Who knows how history might have changed had Soviet coach Vsevelod Bobrov been able to ice the lineup he wanted for Game Four.
In Winnipeg, he had hoped to start backup goalie Viktor Zinger, but Zinger was fighting the flu and was unable to play. Again this night in Vancouver, Zinger was supposed to start, but he was still too weak. Tretyak started again and was sensational.
For whatever reason, Canada started the game in an ornery mood, one marked by many, many cheap shots which the Soviets received without retaliating. Bill Goldsworthy, in the lineup for the first time since Game Two, took two senseless penalties early in the game, and the Soviets capitalized on both.
And so Canada fell behind 2-0, a deficit it couldn’t overcome. Worse, Dryden struggled and the fans started to boo, first with impatience, then with anger. The Soviets dominated the first period and were full measure for their 2-0 lead. Canada’s best chances to get into the game came early in the second.
Newcomer Gilbert Perreault went end-to-end on a dash, and as he ran out of room he slipped the puck in front of the Soviet goal. It hit defenceman Alexander Ragulin and went past Tretyak to make it a 2-1 game.
Moments later, Ron Ellis made a great rush and was stopped by Tretyak, who slid well out of his crease and lost control of the puck. But Gennadi Tsygankov checked Bobby Clarke inches from the goal line before the Canadian could slide the puck into the open net to tie the game. The play was soon followed by a third Soviet goal. Pat Stapleton lost the puck at the Soviet blue line and Vladimir Petrov broke out with Yuri Blinov on a two-on-one. They converted the play perfectly for a 3-1 lead.
If Canada were going to get back into the game, a sequence of plays a short time later decided matters. Phil Esposito set up Yvan Cournoyer for two breakaways in a matter of seconds, but Tretyak was there to make the save on both occasions. The result was never in doubt after that.
In the third period the booing by the fans in Vancouver intensified with every missed pass by the Canadians, every good piece of forechecking by the Soviets, and every play that indicated this would be a bad loss for the home side.
Canada did make it a 4-2 game when Phil Esposito’s long shot rang off the crossbar and Goldsworthy knocked in the rebound. Initially “Espo” was credited with the goal, and things were so bad that when the P.A. announcer corrected the scoring and gave the goal to Goldsworthy, the crowd booed lustily.
After the game, Phil Esposito was interviewed on ice by Johnny Esaw, the boos very much fresh in his mind. He spoke what he felt, and “the speech” became a turning point in every living room across the country and underscored the growing importance of the series.
“To the people across Canada, we tried,” he said, sweating profusely, angry, defiant, proud. “We gave it our best. For the people that boo us, geez…all of us guys are really disheartened, and we’re disillusioned, and we’re disappointed in some of the people. We cannot believe the bad press we’ve got…the booing we’ve gotten in our own buildings…I cannot believe it! Some of our guys are really, really down in the dumps…Every one of us guys, 35 guys that came out and played for Team Canada, we did it because we love our country and not for any other reason, no other reason…And I don’t think it’s fair that we should be booed.”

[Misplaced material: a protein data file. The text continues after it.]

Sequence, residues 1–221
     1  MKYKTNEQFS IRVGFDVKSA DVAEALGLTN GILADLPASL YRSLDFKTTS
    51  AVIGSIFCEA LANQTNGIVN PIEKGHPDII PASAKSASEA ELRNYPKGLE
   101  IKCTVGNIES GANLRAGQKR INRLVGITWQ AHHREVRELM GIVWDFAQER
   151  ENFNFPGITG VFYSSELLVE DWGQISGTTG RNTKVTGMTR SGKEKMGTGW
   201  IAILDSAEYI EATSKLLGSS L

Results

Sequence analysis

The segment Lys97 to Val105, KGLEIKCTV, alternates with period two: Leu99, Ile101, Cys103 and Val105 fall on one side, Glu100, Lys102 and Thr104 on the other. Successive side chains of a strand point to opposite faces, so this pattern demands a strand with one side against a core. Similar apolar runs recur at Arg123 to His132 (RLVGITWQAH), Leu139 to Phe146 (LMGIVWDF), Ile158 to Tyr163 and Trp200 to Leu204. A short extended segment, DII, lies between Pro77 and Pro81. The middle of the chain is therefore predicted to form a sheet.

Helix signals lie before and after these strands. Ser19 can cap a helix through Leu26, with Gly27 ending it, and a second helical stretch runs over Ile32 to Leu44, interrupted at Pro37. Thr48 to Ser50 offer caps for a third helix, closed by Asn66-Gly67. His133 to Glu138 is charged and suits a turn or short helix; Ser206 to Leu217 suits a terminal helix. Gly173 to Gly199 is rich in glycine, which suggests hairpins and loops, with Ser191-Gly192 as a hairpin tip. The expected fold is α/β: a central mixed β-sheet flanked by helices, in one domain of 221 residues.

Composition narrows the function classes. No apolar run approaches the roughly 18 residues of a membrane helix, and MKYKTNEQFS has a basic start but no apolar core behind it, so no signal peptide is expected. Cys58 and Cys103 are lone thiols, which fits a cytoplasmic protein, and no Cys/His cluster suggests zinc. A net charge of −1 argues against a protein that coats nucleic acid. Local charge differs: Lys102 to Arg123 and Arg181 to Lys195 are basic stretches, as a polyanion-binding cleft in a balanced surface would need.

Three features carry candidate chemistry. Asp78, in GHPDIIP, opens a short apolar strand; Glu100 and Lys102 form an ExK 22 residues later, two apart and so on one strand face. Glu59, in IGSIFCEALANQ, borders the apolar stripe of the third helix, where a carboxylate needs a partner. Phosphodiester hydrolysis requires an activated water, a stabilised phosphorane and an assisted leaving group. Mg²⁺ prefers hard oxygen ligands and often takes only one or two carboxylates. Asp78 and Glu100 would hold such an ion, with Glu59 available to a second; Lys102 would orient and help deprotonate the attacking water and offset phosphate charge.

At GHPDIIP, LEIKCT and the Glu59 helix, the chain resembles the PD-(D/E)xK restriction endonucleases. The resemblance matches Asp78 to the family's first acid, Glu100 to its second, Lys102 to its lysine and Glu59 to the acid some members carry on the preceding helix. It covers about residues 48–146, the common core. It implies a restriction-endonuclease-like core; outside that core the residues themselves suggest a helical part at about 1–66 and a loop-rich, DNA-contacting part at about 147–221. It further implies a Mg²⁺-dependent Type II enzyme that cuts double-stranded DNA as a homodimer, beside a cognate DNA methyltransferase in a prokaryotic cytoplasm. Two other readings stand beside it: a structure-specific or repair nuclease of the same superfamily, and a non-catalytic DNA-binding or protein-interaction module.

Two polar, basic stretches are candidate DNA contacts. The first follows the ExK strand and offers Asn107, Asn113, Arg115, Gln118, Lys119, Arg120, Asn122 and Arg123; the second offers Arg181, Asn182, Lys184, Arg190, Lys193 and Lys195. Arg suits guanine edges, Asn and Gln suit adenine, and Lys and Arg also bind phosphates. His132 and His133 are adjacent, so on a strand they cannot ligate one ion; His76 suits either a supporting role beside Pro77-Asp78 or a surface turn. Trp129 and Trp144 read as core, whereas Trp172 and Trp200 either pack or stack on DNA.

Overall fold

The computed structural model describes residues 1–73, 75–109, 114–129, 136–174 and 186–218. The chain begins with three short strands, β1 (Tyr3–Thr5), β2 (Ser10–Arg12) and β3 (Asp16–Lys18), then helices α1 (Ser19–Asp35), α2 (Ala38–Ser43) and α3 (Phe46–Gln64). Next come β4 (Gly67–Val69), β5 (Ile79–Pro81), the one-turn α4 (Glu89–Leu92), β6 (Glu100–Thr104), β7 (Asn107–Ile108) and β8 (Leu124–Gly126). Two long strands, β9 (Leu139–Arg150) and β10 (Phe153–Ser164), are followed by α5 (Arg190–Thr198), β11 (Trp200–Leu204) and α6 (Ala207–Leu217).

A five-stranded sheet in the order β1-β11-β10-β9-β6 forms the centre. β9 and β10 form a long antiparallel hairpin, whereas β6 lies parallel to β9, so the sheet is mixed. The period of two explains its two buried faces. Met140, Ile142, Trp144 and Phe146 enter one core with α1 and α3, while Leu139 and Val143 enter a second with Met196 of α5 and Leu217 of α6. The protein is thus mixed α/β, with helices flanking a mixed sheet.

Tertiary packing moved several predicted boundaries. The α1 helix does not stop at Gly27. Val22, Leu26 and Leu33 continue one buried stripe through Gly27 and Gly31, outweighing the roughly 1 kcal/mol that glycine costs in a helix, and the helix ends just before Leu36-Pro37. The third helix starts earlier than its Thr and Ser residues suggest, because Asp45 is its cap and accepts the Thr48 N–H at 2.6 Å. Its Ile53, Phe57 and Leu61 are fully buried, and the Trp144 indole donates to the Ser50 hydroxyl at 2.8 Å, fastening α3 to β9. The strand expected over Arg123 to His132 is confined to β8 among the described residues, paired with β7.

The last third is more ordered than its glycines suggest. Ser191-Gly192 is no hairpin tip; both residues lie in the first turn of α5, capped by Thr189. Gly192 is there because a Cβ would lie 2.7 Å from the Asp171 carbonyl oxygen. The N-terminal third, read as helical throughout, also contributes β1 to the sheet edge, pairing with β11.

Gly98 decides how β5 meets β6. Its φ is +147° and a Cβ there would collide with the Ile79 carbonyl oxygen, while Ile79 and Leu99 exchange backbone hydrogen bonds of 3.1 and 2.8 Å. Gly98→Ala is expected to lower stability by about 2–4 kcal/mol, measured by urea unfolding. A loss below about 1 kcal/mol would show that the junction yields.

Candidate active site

01:24 – 🇨🇦 PEN – Goldsworthy, cross checking
02:01 – 🇷🇺 PP GOAL – Mikhailov (Lutchenko, Petrov)
05:58 – 🇨🇦 PEN – Goldsworthy, elbowing
07:29 – 🇷🇺 PP GOAL – Mikhailov (Lutchenko, Petrov)
19:29 – 🇨🇦 PEN – P. Esposito, tripping
25:37 – 🇨🇦 GOAL – Perreault
26:34 – 🇷🇺 GOAL – Blinov (Petrov, Mikhailov)
28:39 – 🇷🇺 PEN – Kuzkin, tripping
33:52 – 🇷🇺 GOAL – Vikulov (Kharlamov, Maltsev)
42:01 – 🇷🇺 PEN – Petrov, holding
46:54 – 🇨🇦 GOAL – Goldsworthy (P. Esposito, Bergman)
51:05 – 🇷🇺 GOAL – Shadrin (Yakushev, Vasiliev)
59:38 – 🇨🇦 GOAL – Hull (P. Esposito)
W: 🇷🇺 Tretyak (38-41)
L: 🇨🇦 Dryden (26-31)
SHOTS ON GOAL
🇷🇺 11+14+6 = 31
🇨🇦 10+8+23 = 41
🇷🇺 Goaltenders: Vladislav Tretyak, Viktor Zinger. Defence: Viktor Kuzkin, Vladimir Lutchenko, Yevgeni Paladiev, Alexander Ragulin, Gennadi Tsygankov, Valery Vasiliev. Forwards: Vyacheslav Anisin, Yuri Blinov, Alexander Bodunov, Valeri Kharlamov, Yuri Lebedev, Alexander Maltsev, Boris Mikhailov (C), Vladimir Petrov, Vladimir Shadrin, Vladimir Vikulov, Alexander Yakushev.
🇨🇦 Goaltenders: Ken Dryden, Eddie Johnston. Defence: Don Awrey, Gary Bergman, Brad Park, Rod Seiling, Pat Stapleton, Bill White. Forwards: Bobby Clarke, Yvan Cournoyer, Ron Ellis, Phil Esposito (A), Rod Gilbert, Bill Goldsworthy, Vic Hadfield, Paul Henderson, Dennis Hull, Frank Mahovlich (A), Gilbert Perreault.
|🇷🇺 SOVIET UNION||vs.||CANADA (C) 🇨🇦|
(previous 04 Sep 1972)
(since 04 Sep 1972)
(+ 3 ties)
|First IHLC Meeting (URS vs. CAN)
🇷🇺 URS 7-2 CAN 🇨🇦 – 07 Mar 1954 – WC – Stockholm 🇸🇪
|Previous IHLC Meeting (URS vs. CAN)
🇨🇦 CAN 4-4 URS 🇷🇺 – 06 Sep 1972 – SS – Winnipeg 🇨🇦
|Last IHLC Game
🇨🇦 CAN 4-4 URS 🇷🇺 – 06 Sep 1972 – SS – Winnipeg 🇨🇦
|Next IHLC Game
🇷🇺 URS 5-4 CAN 🇨🇦 – 22 Sep 1972 – SS – Moscow 🇷🇺
Article Credit: IIHF
Photo Credit: Team Canada 1972: The Official 40th Anniversary Celebration – IIHF – HHOF – IOC